3 tips for keeping the service you want despite net neutrality changes

Since the December repeal of net neutrality rules, there have been plenty of questions and concerns raised by businesses, consumers and lawmakers alike. Now is the time to start getting answers and take stock of the services you have and expect.

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Last December all eyes were on the Federal Communications Commission (FCC) as they voted in favor of repealing existing net neutrality rules. The question for consumers and IT leaders alike is “What’s happened since?” and “When will this affect me/my business and how we access online resources and information?” While bureaucracy has speed bumps (the new rules were published in the Federal Registrar in late February and now are subject to review of the OMB) most of the new rules will go into effect in late April.

For IT and business leaders, especially those at small and mid-size businesses, the big challenge is to ensure you and your clients have fast, affordable access to the digital sites and resources your business depends on. While no one can say exactly when, how or if service providers like ATT, Comcast and Verizon will change their services, it’s important to pay attention and there are three simple ways to do it.

1. Ask the question

ISPs are still in the midst of figuring how and where they can change their services. Attorneys General from 20 states across the country filed petitions to stop the repeal and states like Washington, Oregon, New Jersey and New York are passing their own laws, filing lawsuits and/or seeing executive orders to uphold net neutrality principles. This means everyone, including your IPS, is still trying to figure out how to move forward. The most important action you can take now is ask questions directly to your service provider: How will you change internet services, support, access and costs to my business as a result of new net neutrality rules going into effect this April? Will your business use any of the following techniques to change how or how fast legal any content, applications, or activity are accessed?

  • Blocking or throttling of legal content
  • Offering fast-lane access to companies who will pay more for it
  • Establishing new data limits
  • Bypassing data with "zero rating"

Every ISP has given public assurances that all changes they make will be transparent to businesses and consumers. Get ahead of the game by asking your service provider to clearly outline any changes ahead so you know what to watch for and if/when to shop around for alternatives.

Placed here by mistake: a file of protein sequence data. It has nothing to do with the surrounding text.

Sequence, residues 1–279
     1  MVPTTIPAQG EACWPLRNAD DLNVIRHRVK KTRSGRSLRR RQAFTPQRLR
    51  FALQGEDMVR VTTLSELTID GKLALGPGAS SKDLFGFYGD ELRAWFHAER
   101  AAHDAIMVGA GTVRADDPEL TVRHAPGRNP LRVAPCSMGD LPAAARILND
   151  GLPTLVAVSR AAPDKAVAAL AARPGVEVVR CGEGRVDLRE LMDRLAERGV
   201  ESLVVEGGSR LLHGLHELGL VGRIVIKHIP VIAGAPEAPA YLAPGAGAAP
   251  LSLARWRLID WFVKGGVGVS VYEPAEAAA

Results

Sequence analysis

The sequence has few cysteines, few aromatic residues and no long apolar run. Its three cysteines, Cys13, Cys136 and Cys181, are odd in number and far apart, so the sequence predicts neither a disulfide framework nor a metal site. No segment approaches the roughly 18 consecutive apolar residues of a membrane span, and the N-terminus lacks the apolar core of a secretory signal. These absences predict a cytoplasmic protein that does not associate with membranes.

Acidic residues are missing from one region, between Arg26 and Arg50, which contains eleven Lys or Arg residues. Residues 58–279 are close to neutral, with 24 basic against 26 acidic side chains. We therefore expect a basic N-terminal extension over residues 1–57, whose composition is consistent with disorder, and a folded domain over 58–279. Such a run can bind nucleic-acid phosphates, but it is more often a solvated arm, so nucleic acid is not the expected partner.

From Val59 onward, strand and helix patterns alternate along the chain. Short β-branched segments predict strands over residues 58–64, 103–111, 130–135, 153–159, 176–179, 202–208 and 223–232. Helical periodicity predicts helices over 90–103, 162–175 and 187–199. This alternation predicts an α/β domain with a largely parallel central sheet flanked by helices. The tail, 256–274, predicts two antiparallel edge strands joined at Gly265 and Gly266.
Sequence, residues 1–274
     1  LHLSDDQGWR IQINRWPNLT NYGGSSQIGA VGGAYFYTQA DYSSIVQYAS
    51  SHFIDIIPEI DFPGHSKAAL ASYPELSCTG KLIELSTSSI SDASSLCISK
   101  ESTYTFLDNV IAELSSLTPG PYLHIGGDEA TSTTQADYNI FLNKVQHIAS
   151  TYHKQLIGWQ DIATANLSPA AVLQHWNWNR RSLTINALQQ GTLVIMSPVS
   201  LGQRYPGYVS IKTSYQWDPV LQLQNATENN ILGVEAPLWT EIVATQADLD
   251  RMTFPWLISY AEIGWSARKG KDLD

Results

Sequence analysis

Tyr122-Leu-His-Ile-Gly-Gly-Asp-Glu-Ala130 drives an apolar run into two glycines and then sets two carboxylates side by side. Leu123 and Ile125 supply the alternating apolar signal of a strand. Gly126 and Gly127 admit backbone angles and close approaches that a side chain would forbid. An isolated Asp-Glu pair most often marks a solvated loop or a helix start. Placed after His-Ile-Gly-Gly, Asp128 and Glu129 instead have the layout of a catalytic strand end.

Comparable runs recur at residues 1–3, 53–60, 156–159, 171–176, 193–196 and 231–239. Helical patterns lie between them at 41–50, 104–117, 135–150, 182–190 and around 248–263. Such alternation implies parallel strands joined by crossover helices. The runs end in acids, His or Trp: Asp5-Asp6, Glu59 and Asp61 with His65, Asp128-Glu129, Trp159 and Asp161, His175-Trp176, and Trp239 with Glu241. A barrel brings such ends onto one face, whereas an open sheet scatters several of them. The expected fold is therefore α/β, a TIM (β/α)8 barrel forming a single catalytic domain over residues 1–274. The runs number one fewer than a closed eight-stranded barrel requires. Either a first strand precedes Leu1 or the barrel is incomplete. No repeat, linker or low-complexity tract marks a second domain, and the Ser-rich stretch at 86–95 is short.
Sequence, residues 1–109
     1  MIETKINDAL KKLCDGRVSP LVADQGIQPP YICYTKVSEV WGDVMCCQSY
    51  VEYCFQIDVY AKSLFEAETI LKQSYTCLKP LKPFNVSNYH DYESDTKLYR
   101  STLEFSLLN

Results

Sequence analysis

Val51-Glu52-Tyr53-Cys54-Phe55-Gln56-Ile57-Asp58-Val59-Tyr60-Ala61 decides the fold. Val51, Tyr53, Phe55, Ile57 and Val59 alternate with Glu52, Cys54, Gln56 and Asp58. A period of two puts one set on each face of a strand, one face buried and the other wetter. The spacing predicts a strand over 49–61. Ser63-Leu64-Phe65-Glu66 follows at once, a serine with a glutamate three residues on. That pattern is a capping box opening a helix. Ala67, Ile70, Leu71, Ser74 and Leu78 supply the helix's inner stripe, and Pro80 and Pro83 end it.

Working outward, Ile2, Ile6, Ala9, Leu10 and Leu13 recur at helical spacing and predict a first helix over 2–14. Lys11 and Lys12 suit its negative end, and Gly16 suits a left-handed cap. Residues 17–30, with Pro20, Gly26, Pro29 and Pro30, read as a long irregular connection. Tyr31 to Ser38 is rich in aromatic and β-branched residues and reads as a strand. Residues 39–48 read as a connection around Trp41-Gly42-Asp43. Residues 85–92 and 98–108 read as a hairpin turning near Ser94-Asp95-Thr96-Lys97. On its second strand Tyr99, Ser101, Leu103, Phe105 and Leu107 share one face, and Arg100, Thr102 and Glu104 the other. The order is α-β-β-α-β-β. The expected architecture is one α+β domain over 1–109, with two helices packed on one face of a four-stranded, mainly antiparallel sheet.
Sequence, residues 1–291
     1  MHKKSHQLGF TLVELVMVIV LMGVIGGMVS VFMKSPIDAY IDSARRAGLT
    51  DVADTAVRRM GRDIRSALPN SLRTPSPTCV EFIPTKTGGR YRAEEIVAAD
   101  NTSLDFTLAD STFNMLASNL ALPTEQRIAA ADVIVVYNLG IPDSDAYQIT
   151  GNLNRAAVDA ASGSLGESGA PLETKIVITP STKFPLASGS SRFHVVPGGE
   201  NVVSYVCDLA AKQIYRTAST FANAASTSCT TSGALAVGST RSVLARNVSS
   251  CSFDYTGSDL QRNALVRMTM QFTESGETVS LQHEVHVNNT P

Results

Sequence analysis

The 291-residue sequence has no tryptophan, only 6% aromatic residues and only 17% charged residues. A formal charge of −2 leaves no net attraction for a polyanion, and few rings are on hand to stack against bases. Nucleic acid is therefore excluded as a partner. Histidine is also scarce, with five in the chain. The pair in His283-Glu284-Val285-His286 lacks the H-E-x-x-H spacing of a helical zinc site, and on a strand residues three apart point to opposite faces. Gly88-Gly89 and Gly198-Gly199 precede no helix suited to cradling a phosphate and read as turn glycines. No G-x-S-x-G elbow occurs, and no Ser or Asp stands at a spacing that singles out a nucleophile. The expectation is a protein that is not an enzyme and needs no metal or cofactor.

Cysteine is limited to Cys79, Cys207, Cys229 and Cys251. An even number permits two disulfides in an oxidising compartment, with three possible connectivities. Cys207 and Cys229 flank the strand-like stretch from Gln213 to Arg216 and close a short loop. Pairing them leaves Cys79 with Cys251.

2. Use a scorecard

Infrastructure leaders, especially those who work on or with service desks, know how important score cards are to ensuring Service Level Agreements (SLAs) are monitored and maintained. Now is the perfect time to establish a scorecard process with your ISP if you don’t have one in place. What better way is there to monitor service, cost and value than to carefully measure what your ISP is delivering and whether new rules affect the quality of service. Service desk Key Performance Indicators (KPIs) measure resolution rates, customer satisfaction and cost per contact. An ISP scorecard that can help your organization understand the value you get now and whether it changes should measure and monitor the following KPIs:

  • Rates. Are they staying the same? If they are changing, how and why are the changing and what is the new, better value that comes with the changes?
  • Speed. Are uploads and download speeds good? Are they changing?
  • Quality of communications. Are any communications services (VoIP for example) seeing new issues?
  • Have customer service levels changed (improved or declined)?

The key is to establish a baseline of performance now if you haven’t already and watch for changes in the months and years ahead.

3. Insist on transparency

While there are no hard and set rules for transparency and reporting for ISPs on this issue, a business can and should insist on transparency. Talk to your ISP to make sure you have easy access to your ISP’s disclosure statement, something that is required by law. Ask them to also provide you with alerts on when services change and make their communications a key part of your scorecard. If service levels are changing without communications and transparency, that’s a failing grade on any scorecard.

Since the December repeal of net neutrality rules, there have been plenty of questions and concerns raised by businesses, consumers and lawmakers alike. Right now, is the time to start getting answers and take stock of the services you have and expect. Start out ahead and informed to ensure the quality of service you can continue to rely on.

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